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Author Topic: Concrete base for sawmill  (Read 8406 times)

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Offline Handy Andy

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Re: Concrete base for sawmill
« Reply #20 on: October 21, 2007, 01:19:23 PM »
  Regarding your statements about building your own house, in my career of 25 years as a builder, I might have made 20% once.  Normally it is less than 10% by the time I pay the property taxes etc.  If you are talking to subcontractors, they will talk up building your own, as they charge owner-builders more than their steady contractors.  They call them "once in a lifetime customers".  The subs like framers and plumbers are really ripping us off here.  All the regulations that get passed restricting who can do work in your city results in higher prices by the ones that are allowed to do the work.  Now, if you could frame your own house and do the plumbing, wiring, painting, installing woodwork and flooring, build your own cabinets and tops, you can save money.
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Offline WDH

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Re: Concrete base for sawmill
« Reply #21 on: October 21, 2007, 07:29:11 PM »
Nice pad.  I need to do something similar.  I store my LT15 in a shed.  I skid it out with the tractor, set it up (on the dirt), and saw.  When done, I skid it back into the shed.  I need a pad like yours to set it up on.  That would make set-up a snap.
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Offline mike_van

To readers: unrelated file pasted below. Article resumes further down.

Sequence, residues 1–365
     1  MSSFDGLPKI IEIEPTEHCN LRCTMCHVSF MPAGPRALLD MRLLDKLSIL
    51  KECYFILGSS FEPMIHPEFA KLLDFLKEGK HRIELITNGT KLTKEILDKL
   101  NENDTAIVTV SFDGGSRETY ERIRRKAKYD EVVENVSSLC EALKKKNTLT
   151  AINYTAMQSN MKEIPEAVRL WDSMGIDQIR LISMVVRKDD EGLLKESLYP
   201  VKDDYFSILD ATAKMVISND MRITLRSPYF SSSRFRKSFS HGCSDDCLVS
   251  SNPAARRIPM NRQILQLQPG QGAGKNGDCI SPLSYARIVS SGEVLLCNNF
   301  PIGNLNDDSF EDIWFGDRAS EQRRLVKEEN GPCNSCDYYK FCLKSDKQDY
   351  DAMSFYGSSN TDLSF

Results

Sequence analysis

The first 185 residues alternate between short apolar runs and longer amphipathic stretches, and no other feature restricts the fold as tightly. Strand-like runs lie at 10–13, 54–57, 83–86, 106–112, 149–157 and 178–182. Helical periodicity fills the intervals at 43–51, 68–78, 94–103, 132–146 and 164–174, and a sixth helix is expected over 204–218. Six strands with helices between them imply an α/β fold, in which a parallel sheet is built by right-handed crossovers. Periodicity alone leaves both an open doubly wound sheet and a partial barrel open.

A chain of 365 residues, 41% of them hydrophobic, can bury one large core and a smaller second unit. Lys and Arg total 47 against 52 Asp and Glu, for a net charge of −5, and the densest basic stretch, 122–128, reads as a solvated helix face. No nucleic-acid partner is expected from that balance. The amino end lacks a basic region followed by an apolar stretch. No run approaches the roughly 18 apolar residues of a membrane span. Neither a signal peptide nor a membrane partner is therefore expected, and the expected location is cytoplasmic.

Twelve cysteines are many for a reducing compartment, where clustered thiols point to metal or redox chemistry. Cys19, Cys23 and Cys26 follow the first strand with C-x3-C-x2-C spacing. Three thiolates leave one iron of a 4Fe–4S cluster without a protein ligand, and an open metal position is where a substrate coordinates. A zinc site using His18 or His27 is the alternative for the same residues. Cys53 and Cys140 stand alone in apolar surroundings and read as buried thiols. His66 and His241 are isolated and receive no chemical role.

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Re: Concrete base for sawmill
« Reply #22 on: October 21, 2007, 08:12:04 PM »
For the guy that doesn't want to spend the $$$$ for concrete, or stand on it all day, I don't know why a wood pad wouldn't work. If you layed [or half buried] PT 6x6's  flat on 2 ft centers, sawed out your own deck & screwed it down, put a coat of Thompsons [or similar] once & awhile?   I needed a sidewalk in front of my sugarhouse to stay out of the mud - 4 ft x 16 ft - I did the same thing with PT 4x4's, screwed  2x6's to them, 7 years ago, it's still there & working fine. I ran out of PT 2x6's part way, so I used some oak & maple I had - They'll all cup a little when the summer sun beats on them, but it sure beat buying the concrete [or mixing it] under the mill  you'd have to watch out welding on it.
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Offline jrokusek

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Re: Concrete base for sawmill
« Reply #23 on: October 21, 2007, 09:19:06 PM »
Actually, for me, forming and pouring the concrete was faster.  Not that I'm against saving a few bucks or anything  ;)

I had the mill on 4 railroad ties and the frost and freezing temps would move the RR ties quite a bit.  This just turned out to be a bit easier for me.  Concrete was $124.52 delivered to me.